I quickly heard back from Tim Bentley, who was generous to share his power cord with me for the session. And so it was coincidental, certainly, when I noticed he’d come from Aardvark, a social search engine.

I think it was during the part of the panel where they were discussing how standard search engines don’t really know if they’ve answered your question, and Bentley tweeted to say this:

#beyondalgorithms panel is basically talking about how to do algorithmically what Aardvark is doing now socially

So a few minutes later, I started wondering about Bentley’s perspective on Wolfram|Alpha, which bills itself as a “computational knowledge engine” and promotes the fact that its information is curated by experts. I have a long-standing bias against people who purport to be “experts” — it’s a knee-jerk sort of reaction and I can acknowledge that.

On the panel, a tangential discussion cropped up about how much context matters in search. It was the sort of conversation that I was far more interested in than the topics they actually intended to discuss. So it got me thinking that it’s not expert curation or knowledge that I dispute — it’s so-called expert knowledge applied without regard to context.

There are so few questions in this world with a black and white answer. Once you go beyond 2+2=4, you need to know the context to answer. And then most expert opinion can sound downright asinine when it ignores context.

So that’s the kind of question I’d like to see explored deeply: How do we apply context to computer inputs [searches, using the computer, applications, whatever] in order to more accurately and efficiently reach solutions for users?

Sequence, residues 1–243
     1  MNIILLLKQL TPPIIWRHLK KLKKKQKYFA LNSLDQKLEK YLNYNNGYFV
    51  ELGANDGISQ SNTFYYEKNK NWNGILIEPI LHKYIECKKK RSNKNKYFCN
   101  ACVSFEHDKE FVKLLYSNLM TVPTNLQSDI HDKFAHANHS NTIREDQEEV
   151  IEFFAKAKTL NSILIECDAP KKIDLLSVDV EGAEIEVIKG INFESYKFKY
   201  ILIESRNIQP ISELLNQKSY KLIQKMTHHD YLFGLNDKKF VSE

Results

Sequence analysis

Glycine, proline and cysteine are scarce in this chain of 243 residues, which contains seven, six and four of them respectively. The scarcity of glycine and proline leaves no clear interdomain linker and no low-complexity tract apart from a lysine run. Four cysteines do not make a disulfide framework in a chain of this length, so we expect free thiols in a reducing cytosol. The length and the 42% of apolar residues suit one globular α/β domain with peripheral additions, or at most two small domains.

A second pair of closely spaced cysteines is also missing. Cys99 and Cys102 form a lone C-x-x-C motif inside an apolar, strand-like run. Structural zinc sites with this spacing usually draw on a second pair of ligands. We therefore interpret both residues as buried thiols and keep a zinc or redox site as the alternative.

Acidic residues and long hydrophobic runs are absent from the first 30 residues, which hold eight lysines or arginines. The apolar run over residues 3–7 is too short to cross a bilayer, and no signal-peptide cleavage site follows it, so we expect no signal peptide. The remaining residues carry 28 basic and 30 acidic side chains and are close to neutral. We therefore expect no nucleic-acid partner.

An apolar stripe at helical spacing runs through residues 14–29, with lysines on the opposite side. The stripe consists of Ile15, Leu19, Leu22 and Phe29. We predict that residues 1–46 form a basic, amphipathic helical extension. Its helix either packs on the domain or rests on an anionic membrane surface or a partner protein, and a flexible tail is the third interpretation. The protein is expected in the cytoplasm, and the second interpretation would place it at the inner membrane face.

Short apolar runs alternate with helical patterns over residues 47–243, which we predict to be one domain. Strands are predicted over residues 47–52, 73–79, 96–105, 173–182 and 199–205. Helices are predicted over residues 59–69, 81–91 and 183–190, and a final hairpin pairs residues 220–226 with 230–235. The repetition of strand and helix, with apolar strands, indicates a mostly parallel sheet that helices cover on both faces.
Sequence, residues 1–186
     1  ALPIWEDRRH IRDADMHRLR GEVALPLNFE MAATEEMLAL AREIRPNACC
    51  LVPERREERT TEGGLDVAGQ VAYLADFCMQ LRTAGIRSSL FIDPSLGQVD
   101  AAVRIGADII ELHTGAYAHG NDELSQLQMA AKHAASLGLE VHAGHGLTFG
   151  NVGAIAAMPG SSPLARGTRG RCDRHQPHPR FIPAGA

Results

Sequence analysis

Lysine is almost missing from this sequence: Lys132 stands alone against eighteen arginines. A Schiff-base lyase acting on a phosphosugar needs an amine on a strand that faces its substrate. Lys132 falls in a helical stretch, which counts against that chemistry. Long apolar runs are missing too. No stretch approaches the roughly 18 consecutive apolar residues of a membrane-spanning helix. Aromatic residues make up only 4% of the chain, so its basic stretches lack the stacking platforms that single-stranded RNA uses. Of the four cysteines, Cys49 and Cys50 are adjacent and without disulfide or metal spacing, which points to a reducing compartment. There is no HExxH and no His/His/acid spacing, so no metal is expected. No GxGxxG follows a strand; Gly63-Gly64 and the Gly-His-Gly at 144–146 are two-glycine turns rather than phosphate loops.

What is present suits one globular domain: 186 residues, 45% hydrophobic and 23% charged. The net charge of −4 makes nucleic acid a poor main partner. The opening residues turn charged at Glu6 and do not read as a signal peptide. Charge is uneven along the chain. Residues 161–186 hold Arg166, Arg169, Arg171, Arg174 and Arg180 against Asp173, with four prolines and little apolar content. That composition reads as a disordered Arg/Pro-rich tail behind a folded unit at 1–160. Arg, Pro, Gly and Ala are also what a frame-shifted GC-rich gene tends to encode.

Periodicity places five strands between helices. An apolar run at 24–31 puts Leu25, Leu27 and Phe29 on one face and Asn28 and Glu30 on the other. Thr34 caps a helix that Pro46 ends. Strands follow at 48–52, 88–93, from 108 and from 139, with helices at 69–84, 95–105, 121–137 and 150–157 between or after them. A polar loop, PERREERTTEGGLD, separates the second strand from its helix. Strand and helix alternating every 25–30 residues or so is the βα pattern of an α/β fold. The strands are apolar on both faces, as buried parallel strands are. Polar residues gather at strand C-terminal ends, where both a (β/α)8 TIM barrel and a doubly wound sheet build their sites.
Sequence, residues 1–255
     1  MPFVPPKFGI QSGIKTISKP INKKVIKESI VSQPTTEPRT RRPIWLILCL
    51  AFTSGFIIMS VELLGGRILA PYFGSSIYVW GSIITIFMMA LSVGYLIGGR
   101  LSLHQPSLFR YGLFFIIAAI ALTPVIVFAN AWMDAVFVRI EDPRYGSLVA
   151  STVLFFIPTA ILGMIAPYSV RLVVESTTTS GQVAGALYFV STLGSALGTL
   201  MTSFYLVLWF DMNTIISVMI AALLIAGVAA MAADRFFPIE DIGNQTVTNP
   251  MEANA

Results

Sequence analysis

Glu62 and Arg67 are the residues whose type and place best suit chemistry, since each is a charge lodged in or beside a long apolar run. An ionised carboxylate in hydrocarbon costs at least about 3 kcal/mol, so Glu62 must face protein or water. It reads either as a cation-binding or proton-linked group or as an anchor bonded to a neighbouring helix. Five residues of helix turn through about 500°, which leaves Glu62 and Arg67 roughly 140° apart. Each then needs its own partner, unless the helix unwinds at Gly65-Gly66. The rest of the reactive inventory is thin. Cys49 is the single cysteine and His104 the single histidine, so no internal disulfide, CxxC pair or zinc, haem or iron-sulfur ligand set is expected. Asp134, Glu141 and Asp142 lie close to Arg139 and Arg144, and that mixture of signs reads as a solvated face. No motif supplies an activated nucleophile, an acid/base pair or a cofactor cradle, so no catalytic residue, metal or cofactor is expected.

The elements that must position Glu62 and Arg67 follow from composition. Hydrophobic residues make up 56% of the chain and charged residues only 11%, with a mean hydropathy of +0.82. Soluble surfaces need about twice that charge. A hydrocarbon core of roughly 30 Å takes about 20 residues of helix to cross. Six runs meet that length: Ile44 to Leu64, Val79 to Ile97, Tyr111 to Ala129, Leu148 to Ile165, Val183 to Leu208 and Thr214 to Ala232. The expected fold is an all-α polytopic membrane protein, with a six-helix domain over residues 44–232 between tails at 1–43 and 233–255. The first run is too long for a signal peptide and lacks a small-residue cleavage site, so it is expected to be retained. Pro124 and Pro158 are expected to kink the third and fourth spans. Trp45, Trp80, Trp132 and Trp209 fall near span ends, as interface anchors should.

Beyond Algorithms: Search and the Semantic Web

Wow. There are a lot of speakers here, and they aren’t all listed in the program….and there’s no way I’ll get them all straight. I’ll see what I can do.

Gil Elbaz, founder/CEO of Factual. They simplify access to clean, reliable data for publishers. Structure and clean data.

Danny Sullivan, Searchengineland

Carla Thompson, Guidewire Group. Search and semantic analyst.

Dag Kittlaus, Siri

Barak Berkowitz, has been at Wolfram Alpha for 10 days.

Will Hunsinger, CEO of Evri and Twine

Nova Spivack, founder of Twine, now at LiveMatrix.

Barney Pell, Microsoft Bing team.

Haha, first real question is, what does semantics mean? We’re going to discuss the semantics of semantics.

Someone [Pell, I think] says, it’s about meaning, figuring out which words match with other words. Also about the abstractions that tie words together. It’s a middle layer that connects the underlying layer to the higher intent.

So Google and Bing are already semantic search engines? Yes.